Preprint Article Version 1 Preserved in Portico This version is not peer-reviewed

Blueberry Mechanized Harvesting: Preliminary Results in the Italian Context

Version 1 : Received: 19 April 2021 / Approved: 20 April 2021 / Online: 20 April 2021 (08:25:32 CEST)

How to cite: Brondino, L.; Massaglia, S.; Giuggioli, N.R.; Peano, C. Blueberry Mechanized Harvesting: Preliminary Results in the Italian Context. Preprints 2021, 2021040522 (doi: 10.20944/preprints202104.0522.v1). Brondino, L.; Massaglia, S.; Giuggioli, N.R.; Peano, C. Blueberry Mechanized Harvesting: Preliminary Results in the Italian Context. Preprints 2021, 2021040522 (doi: 10.20944/preprints202104.0522.v1).

Abstract

The object of this work is to report some preliminary results on the mechanical harvesting of blueberry fruits of cv. Cargo® in the Piedmont region, one of the most productive areas of Italy that is specialized for fresh blueberry production. The automatization of harvesting operations could represent a competitive advantage for the investigated area’s blueberries supply chain, but could act as a limitation to maintaining the quality of fresh berries. A prototype machine and a commercial harvester (Easy Harvester®) were compared to manual picking, considering harvest efficiency (share of loss), labor productivity and harvesting cost. In the indicated context, the cost of labor exceeds 2.00 euros per kg of sellable product. The use of the prototype allowed a 37% re-duction of this cost, and the use of the Easy Harvester® allowed a reduction of about two thirds. It should be emphasized that these positive performances do not consider two other aspects: the re-duction in the marketable volume (attributable to losses in the harvest and post-harvest phase), and the reduction in the net sale price by 0.30 euros due to the sorting/selection costs in the ware-house. In this study, we highlight how the transition to mechanical harvesting requires the trans-formation of several farming and warehouse operations, such as new crop varieties, new field configurations, and new packaging processes. However, a possible technical improvement of the Easy Harvester® machine could represent an opportunity for Italian companies in the planning of the production and marketing of berries, involving all actors of the supply chain. Further research on the use of mechanization in the sector must still be continued and supported.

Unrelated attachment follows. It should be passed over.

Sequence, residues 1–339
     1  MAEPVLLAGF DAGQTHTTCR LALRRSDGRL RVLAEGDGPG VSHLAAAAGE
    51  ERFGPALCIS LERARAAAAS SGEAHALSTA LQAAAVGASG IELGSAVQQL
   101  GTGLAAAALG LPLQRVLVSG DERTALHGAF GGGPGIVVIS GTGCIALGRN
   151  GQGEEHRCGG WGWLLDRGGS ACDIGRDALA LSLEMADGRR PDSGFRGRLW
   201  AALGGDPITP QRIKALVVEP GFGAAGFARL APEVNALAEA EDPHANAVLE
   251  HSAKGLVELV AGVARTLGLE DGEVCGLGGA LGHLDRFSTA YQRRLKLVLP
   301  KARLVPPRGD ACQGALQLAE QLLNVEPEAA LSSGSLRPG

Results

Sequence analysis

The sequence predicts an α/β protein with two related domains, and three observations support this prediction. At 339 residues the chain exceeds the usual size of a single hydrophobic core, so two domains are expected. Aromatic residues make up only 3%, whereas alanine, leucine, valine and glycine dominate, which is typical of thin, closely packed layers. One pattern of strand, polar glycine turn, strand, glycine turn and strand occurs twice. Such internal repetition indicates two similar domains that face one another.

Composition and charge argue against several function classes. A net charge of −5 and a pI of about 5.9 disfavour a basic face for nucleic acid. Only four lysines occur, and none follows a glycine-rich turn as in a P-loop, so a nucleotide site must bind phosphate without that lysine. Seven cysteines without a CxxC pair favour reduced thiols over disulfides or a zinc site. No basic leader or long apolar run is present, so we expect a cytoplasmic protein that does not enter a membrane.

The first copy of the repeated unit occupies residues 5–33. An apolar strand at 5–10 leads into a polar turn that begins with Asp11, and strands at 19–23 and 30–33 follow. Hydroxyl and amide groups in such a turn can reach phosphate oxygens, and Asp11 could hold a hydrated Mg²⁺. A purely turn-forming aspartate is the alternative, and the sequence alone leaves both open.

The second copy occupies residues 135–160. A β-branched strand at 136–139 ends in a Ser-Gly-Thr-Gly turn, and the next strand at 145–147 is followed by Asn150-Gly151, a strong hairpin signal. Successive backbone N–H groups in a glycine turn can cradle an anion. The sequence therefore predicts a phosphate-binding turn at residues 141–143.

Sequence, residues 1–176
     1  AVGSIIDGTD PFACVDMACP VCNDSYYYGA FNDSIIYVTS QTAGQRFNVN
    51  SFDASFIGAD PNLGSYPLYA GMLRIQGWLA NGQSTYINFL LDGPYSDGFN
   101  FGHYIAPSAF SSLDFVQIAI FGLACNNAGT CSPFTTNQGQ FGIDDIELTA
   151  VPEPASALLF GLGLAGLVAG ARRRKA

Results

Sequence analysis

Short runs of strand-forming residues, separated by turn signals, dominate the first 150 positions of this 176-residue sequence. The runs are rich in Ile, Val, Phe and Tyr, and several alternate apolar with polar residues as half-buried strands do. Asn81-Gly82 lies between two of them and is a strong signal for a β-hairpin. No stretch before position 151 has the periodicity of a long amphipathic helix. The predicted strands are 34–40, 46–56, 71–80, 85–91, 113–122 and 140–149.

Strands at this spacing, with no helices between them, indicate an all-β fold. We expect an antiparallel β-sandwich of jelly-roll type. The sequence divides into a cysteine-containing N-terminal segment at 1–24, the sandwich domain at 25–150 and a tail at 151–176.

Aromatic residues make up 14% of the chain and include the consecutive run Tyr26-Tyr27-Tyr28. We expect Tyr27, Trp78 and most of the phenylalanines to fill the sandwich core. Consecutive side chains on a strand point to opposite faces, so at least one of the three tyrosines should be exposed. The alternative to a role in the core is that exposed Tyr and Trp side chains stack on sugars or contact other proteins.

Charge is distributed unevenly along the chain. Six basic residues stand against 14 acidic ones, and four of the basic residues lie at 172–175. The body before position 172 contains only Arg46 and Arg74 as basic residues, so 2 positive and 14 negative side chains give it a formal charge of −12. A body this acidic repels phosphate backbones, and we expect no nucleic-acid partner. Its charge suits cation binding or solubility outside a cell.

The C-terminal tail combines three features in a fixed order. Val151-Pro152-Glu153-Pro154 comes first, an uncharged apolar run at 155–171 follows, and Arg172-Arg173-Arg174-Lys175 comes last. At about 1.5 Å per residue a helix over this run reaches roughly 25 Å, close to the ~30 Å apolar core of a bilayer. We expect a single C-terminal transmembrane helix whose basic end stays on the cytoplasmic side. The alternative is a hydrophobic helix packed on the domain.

Subject Areas

Vaccinum corymbosum; innovation; harvest; production; cost; prototype

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